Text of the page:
Milwaukee Tool has launched a new M12 Fuel cordless nibbler, 2476-20, which they say features the same cutting capacity as competitors’18V models.
The new 12V-class nibbler was designed for fast, clean cuts in 16-gauge mild steel. It also has the power to cut 22-gauge spiral duct seams.
As an M12 tool, the nibbler is also described as being compact and lightweight.
The nibbler features a brushless motor and can cut through mild steel up to 16 gauge, stainless steel up to 18 gauge, and aluminum up to 12 gauge.
It has a variable speed dial and can cut at a rate of up to 7 feet per minute.
The tool allows for tool-free 360° die holder rotation, which means you can adjust the angle of the tool or cutting direction as needed.
Milwaukee emphasizes that the nibbler has the power to cut through tougher materials, such as 22-gauge spiral duct seams.
The 16-gauge variable speed nibbler can be used for a broad range of applications. It can make straight cuts, curved cuts, and can cut through corrugated metals panels.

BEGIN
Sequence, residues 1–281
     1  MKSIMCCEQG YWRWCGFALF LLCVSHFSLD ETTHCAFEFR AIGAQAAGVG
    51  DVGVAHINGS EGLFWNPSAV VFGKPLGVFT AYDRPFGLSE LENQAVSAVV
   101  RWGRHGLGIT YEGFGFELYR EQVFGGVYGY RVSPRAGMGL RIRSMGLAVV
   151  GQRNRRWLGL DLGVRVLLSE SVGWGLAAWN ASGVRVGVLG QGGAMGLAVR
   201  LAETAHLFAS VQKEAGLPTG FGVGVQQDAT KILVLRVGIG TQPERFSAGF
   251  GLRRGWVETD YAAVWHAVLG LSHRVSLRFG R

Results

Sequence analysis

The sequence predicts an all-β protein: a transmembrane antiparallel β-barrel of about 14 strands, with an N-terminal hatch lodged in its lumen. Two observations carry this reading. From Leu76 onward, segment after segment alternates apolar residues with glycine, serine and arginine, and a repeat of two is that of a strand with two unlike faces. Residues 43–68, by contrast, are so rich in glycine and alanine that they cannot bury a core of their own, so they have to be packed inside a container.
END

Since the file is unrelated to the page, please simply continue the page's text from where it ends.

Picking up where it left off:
The M12 Fuel nibbler is described as being lighter than competing 18V-class models, while providing the same cutting capacity. Milwaukee also says that their new cordless nibbler is ergonomically designed to be lightweight, balanced, and comfortable for continuous use.
Key Features & Specs
- 7 FPM max cutting speed
- Variable speed
- Cutting capacity
- 16 gauge mild steel
- 18 gauge stainless steel
- 12 gauge aluminum
- 10.7″ length
- 6.22″ height
- Weighs 3.5 lbs
- LED worklight
- Chip collection
- Belt hook
- 5-year tool warranty
The nibbler comes with a chip collection bag.
There are two accessories, available separately – a replacement punch and die set (48-44-0272), and a die holder extensions (49-72-0152). The chip collection bag has a part number (49-72-0153), suggesting that replacements will also be available.
Price: $229 (tool-only, 2476-20)
ETA: August 2022
Reading Milwaukee’s press and marketing materials carefully, I notice that they specifically mention that the M12 Fuel nibbler matches the capacity of 18V models. They say that it has the “power to cut in heavy applications such as 22-gauge spiral duct seams.”
Milwaukee specifically shows the nibbler paired with an XC 4.0Ah battery, and I should note that it’s sold as a bare tool without battery or charger.
It seems that there are 3 notable benefits here. First, it’s lighter than 18V-class nibblers, at least all of the models I looked up for fact-checking. Second, it does look to have competitive cutting capacity. Lastly, it allows for tool-free 360° die orientation, whereas some other brands’ 18V models require a wrench or have limited adjustability.
What’s your take on it, especially if you use nibblers or shears for cutting sheet metal, stainless, or corrugated metal roof or decking panels?